Wednesday, June 28, 2017

‘Jewish Memorials, Christian Revelations’ - Lesson 1 Draft

LESSON 1: Passover, Feast of Unleavened Bread, Feast of First Fruit

פסח (Pesach, Passover)
CELEBRATED: 14th of Abib/Aviv (now Nisan)
PURPOSE: Commemorates God striking down the first born in Egypt, and is associated with the barley harvest.
LEGISLATED: Exodus 12, particularly vv.7-13; Leviticus 23:5; Numbers 28:16; Deuteronomy 16:1-8
NOTE: The meal was eaten at dusk. It consisted of פסח‎ קרבן (Korban Pesakh, “sacrifice of Passover”), also known as the Paschal Lamb, whose blood initially served as a substitute for that of the first born son of the household. The lamb was roasted on a spit. The feast included unleavened flatbread called מצה‎ (matzah); bitter herbs called מרור (maror), generally interpreted to be horseradish and romaine lettuce; and multiple cups of grape wine. It became a tradition to interpret each element of the feast in light of the Exodus story, infusing the dinner with memories of slavery and freedom.
NOTE: This is often called a “memorial” rather than a “feast” because of its purpose (e.g., commemorating suffering, rather than expressing joy) and because it does not carry the same prohibitions as feast days do (e.g., people can work, buying and selling are allowed, criminals can be executed, it can be kept among the Egyptians). The meal was eaten at dusk, and then the following morning, it served as the Day of Preparation for the Feast of Unleavened Bread.
NOTE: During the first century, and possibly as far back as the Babylonian exile, Passover and the first day of the Feast of Unleavened Bread were often confused, especially among Jews of the diaspora (i.e., Hellenized Jews living outside of Judea). Under Rabbinic Judaism, the successor to ancient Pharisees, the two completely merged, creating a seven or eight-day Passover. More traditional branches of Judaism and Samaritanism (the religion of the descendants of the northern tribes) still keep the feasts in the old manner.

חג המצות (Chag ha-Matzot, Feast of Unleavened Bread)
CELEBRATED: 15th-21st of Abib/Aviv (now Nisan)
PURPOSE: Commemorates God’s relationship with the purified nation of Israel, and is associated with the barley harvest.
LEGISLATED: Exodus 12:14-20; Leviticus 23:6-8; Numbers 28:17-25; Deuteronomy 16:3-8 & 16-17
NOTE: This was a seven-day festival with prescribed Sabbaths (days of rest) that had to be observed in addition to the regular Sabbath on the seventh day of each week. The Israelites cleaned out all of the חמץ (chametz, “leavening,” i.e., yeast) in their homes, signifying their purification. The holy convocation, or gathering of the people, necessitated a pilgrimage to a common site, which later became Jerusalem and the temple. As a feast, there were prohibitions against engaging in normal work, buying and selling, and executing criminals.

חג הביכורים (Chag ha-Bikurim, Feast of First Fruit)
CELEBRATED: First day of the week following the Sabbath that follows Passover, in Abib/Aviv (now the 15th of Nisan)
PURPOSE: Part of the Feast of Unleavened Bread, associated with the barley harvest.
LEGISLATED: Leviticus 23:9-14; Numbers 28:26-31
NOTE: The Israelites were instructed to present the priests with a special offering, the “first fruit” of the (barley) harvest, and make a special lamb sacrifice to God.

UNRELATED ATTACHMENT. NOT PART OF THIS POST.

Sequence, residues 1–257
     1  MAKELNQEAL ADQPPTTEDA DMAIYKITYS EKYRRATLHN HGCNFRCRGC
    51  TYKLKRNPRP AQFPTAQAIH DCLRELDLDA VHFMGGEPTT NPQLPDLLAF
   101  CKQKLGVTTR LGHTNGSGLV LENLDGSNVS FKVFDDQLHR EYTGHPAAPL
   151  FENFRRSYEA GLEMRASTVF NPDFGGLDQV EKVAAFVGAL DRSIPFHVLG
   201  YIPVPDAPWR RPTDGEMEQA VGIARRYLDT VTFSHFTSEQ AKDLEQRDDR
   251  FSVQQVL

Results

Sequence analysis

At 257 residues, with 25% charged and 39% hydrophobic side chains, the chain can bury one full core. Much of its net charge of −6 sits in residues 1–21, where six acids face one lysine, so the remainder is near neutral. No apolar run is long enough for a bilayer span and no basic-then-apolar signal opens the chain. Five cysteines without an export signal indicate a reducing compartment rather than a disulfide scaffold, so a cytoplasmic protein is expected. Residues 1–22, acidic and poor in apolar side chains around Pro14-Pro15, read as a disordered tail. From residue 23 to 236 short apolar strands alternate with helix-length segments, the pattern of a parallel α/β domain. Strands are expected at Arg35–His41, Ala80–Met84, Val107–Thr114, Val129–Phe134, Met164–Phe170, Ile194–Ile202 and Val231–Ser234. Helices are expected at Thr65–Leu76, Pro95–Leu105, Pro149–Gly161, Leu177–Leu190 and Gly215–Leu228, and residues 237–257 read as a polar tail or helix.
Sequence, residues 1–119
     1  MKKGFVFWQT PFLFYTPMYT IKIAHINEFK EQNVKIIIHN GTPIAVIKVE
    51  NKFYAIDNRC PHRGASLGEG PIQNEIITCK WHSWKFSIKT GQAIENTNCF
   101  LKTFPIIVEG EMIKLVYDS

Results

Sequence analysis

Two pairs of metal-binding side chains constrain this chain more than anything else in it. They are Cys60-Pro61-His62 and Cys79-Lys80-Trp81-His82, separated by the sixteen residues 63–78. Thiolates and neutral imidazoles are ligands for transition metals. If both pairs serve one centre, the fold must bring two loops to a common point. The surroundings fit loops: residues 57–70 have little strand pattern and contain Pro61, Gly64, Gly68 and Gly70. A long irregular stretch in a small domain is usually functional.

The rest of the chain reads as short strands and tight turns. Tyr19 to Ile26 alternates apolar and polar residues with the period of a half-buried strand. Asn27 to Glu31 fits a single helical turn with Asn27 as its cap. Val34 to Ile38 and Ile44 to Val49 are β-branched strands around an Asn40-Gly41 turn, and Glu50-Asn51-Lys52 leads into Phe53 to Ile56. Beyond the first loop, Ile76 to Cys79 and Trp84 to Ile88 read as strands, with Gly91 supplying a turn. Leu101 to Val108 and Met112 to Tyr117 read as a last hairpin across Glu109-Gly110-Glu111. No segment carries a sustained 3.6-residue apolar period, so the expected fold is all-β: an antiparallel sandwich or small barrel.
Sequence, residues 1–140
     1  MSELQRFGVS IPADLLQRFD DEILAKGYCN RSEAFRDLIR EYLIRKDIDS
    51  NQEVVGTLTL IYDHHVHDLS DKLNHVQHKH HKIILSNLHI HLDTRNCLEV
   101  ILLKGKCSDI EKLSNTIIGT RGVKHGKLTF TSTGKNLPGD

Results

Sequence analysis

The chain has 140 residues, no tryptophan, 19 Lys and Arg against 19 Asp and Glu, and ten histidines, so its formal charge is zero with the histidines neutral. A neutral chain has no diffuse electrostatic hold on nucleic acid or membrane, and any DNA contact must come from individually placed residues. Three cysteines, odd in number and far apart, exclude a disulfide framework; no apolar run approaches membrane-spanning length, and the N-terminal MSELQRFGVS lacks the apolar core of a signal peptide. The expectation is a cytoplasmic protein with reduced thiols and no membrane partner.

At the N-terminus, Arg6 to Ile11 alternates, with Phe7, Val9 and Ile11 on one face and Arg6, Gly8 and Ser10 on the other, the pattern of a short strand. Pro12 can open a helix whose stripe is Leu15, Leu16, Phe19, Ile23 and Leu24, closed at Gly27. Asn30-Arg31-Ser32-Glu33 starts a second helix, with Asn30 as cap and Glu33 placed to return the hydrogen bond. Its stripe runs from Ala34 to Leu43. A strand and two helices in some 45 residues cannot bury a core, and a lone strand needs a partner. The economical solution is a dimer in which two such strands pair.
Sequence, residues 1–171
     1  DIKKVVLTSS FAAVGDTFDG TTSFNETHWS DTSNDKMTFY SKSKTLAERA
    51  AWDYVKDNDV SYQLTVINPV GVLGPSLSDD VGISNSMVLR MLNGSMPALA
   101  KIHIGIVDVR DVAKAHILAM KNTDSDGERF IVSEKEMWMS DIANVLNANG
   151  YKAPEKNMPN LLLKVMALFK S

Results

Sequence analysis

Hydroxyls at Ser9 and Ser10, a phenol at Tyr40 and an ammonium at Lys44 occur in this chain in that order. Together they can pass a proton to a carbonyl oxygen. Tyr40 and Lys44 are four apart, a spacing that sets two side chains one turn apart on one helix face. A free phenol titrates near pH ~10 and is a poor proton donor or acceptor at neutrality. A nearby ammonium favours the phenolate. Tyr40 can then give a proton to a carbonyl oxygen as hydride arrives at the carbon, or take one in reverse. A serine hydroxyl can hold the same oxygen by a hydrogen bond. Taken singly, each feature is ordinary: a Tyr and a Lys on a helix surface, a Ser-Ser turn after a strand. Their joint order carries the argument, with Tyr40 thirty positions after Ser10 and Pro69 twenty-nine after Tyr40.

CITATIONS: Matthew 26:17-30, Mark 14:12-26, Luke 22:7-39, John 13:1-17:26, 1 Corinthians 11:23-25)
OBSERVANCE: Before His arrest, Jesus celebrated Passover in Jerusalem. However, rather than remembering the events of the Exodus, He told His disciples to remember Him. The bread broken symbolized Jesus’ soon-to-be lifeless body; the wine poured symbolized Jesus’ blood that would be spilled.
REINTERPRETATION: In light of His sacrifice in their stead, Christians soon saw Jesus as the ultimate Passover Lamb. (See John 1:29 & 36, Acts 8:32, 1 Corinthians 5:7, 1 Peter 1:19, Book of Revelation.)

CITATIONS: Matthew 17-18, Mark 15-16, Luke 23-24, John 19-20
OBSERVANCE: Jesus Christ was tried and crucified on the Day of Preparation and taken down from the cross to be buried before dusk, when the Feast of Unleavened Bread began. He remained in the tomb during the Sabbath. (The years 31 and 33 were unusual in that each had a “Double Sabbath,” where the first day of the Feast of Unleavened Bread fell on the regular seventh day of the week.) Then He rose on the day after the Sabbath, known as the Day or Feast of First Fruit.
REINTERPRETATION: In light of His resurrection, Christians soon saw Jesus as the new First Fruit offering to God. (See John 20:17, 1 Corinthians 15:20.)

Food for Thought
  • Did Jesus impose a new meaning on Passover, or did He reveal its true meaning?
  • Is there a contradiction between the Synoptic interpretation of the Passover meal (i.e., Christ as the bread and wine) and the Johannine/Pauline interpretation (i.e., Christ as the sacrificial lamb)?
Further Study
Song of Songs, or Canticle of Canticles, is often read during Passover or the Sabbath following it. A poem associated with the court of King Solomon of Israel, it celebrates the erotic relationship between two lovers. Jews have often interpreted it as an allegory: God in relationship with His people, the assembly of the nation of Israel. It is no surprise then that Christians have reinterpreted it in a similar manner: God in relationship with His people, the assembly of believers in Jesus Christ.

Note: This draft lesson was presented at the women’s Bible study meeting held on Saturday, June 3, 2017 at Alhambra Church of Christ (Alhambra, California).